Billie Jean King looks on during a women's doubles semifinal match at the 2021 Akron WTA Finals on Nov. 16, 2021 in Guadalajara, Mexico.
Billie Jean King was at the height of her tennis career, and yet to achieve her greatest goals, she knew she needed to do something more.
So on Sept. 20, 1973, the in-her-prime King played Bobby Riggs, a self-described male chauvinist and former Grand Slam singles champion, in a televised primetime event at the Houston Astrodome. A major spectacle that was marketed as proof that men were the superior athletes, the showdown drew an unprecedented 90 million viewers. And King, then 29 and already the owner of 10 major women’s titles, delivered.
Her “Battle of the Sexes” defeat of the 55-year-old Riggs — 6-4, 6-3, 6-3 — might not have counted in any record books, but it remains an most iconic moment in the growth and acceptance of women’s sports.
“I thought it would set us back 50 years if I didn’t win that match,” King noted later. “It would ruin the women’s tour and affect all women’s self-esteem.”
That match marked another giant step in King’s lifelong journey to achieve gender equality through sports. Yet it was just one of many important milestones in a career filled with them.
For her many accomplishments on and off the tennis court, King will be inducted Friday into the U.S. Olympic & Paralympic Hall of Fame in Colorado Springs, Colorado. Fittingly, she becomes the first woman to enter in the “special contributor” category amid 50th anniversary celebrations of Title IX, the federal civil rights law that prohibits sex discrimination in schools or other educational programs that receive federal funds.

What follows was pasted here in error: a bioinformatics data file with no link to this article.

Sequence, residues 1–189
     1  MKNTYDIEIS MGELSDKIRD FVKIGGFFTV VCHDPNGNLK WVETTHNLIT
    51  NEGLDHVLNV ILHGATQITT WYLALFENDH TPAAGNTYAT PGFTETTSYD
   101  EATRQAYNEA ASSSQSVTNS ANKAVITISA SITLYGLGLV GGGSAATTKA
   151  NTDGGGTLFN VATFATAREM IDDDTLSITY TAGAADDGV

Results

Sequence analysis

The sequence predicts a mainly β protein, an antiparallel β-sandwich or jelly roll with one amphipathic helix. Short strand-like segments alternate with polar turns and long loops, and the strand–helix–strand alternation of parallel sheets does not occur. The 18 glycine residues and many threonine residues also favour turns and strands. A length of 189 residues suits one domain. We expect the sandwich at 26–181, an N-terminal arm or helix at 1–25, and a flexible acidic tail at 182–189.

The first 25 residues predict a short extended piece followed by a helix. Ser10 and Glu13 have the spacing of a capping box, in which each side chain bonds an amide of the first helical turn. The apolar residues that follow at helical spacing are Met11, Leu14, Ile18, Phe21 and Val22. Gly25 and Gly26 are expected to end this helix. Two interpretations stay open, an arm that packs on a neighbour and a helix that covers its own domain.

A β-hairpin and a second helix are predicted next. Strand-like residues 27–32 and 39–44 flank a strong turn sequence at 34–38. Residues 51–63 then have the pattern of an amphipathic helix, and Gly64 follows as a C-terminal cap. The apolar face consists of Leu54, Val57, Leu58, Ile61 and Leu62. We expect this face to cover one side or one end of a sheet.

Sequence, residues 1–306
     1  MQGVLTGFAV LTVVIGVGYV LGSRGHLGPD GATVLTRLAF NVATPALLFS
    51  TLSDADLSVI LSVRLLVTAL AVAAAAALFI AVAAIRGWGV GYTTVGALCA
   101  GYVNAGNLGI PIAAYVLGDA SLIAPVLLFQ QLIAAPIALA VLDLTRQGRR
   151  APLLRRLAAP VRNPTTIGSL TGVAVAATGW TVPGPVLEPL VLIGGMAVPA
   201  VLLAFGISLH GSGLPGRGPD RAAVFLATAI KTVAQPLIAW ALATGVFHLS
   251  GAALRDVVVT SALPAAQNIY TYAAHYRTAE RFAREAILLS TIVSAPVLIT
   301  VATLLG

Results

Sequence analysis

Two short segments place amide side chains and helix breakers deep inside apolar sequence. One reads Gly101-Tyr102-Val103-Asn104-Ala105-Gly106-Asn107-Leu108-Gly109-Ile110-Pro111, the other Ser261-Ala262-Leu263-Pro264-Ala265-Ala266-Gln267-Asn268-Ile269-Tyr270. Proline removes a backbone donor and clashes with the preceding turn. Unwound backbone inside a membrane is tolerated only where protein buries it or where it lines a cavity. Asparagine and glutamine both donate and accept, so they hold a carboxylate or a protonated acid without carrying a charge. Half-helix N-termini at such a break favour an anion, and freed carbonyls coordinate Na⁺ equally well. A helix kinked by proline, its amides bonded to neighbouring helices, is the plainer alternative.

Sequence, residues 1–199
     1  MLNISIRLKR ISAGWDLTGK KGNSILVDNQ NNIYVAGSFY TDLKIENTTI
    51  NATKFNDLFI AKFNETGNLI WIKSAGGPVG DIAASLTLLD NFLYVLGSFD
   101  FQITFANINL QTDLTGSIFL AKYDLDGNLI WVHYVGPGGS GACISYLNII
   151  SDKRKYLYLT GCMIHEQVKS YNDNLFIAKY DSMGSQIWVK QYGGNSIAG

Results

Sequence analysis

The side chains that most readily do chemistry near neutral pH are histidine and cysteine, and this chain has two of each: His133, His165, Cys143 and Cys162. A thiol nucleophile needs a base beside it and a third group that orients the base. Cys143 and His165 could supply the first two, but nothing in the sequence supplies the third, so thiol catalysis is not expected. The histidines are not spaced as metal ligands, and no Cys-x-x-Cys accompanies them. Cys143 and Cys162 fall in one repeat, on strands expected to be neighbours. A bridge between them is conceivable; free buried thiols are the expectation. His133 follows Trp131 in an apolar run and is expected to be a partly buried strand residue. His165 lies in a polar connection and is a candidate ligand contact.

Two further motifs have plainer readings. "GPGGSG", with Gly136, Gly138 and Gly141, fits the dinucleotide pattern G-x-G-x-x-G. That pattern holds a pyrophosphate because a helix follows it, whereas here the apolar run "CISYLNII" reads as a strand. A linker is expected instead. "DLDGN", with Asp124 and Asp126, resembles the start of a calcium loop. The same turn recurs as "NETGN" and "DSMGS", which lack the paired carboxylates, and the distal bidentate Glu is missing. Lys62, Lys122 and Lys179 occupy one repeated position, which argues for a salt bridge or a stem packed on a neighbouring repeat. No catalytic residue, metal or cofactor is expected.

“I am honored to be among such esteemed company in the #TeamUSAHOF, Class of 2022,” King tweeted after her induction was announced.
Perhaps lost amid her decades of advocacy for women’s sports, gay rights and other social justice causes is that King got her start as one of the most successful and influential tennis players of the 1960s and 1970s. As one of the first generation of players in the sport’s Open Era, when the Grand Slam tournaments began allowing professional players, King racked up 39 major singles and doubles titles in her career, including 20 at Wimbledon.
Even in her prime, though, King was already making an impact off the court.
Her “Battle of the Sexes” came in the same year she won his fifth Wimbledon singles title. A year later, in 1974, she helped founded the Women’s Sports Foundation, which continues to advocate for women’s sports. King was also a founder of the Women’s Tennis Association and the World TeamTennis league, and a leader in various efforts to improve pay for women.
Later, after being outed as being gay — making her the most prominent out athlete at a time when that was practically unheard of, much less broadly accepted — King leaned in to become a leader in pushing for LGBTQ+ rights, too.
Even now, at 78, King continues to be a leader, mentoring a new generation of women who are continuing the same battles she has been fighting for decades.
Although King never played in the Olympic Games, her connection to the movement runs deep.
As the coach of the U.S. Olympic women’s tennis teams in 1996 and 2000, King guided the Americans to four gold medals and a bronze medal. More recently King, who received the Presidential Medal of Freedom from President Barack Obama in 2009, was selected to join the U.S. delegation for the Olympic Winter Games Sochi 2014. She told the Associated Press at the time that she didn’t hesitate at all despite Russia’s anti-gay law.
“It sends a strong message that America is very diverse,” King, who ultimately was unable to attend, citing her mother’s failing health, told the AP. “We are here, and surrogates as athletes and gay athletes. We reflect part of America. Maybe we’ll be a voice for people who don’t feel they can be a voice yet.”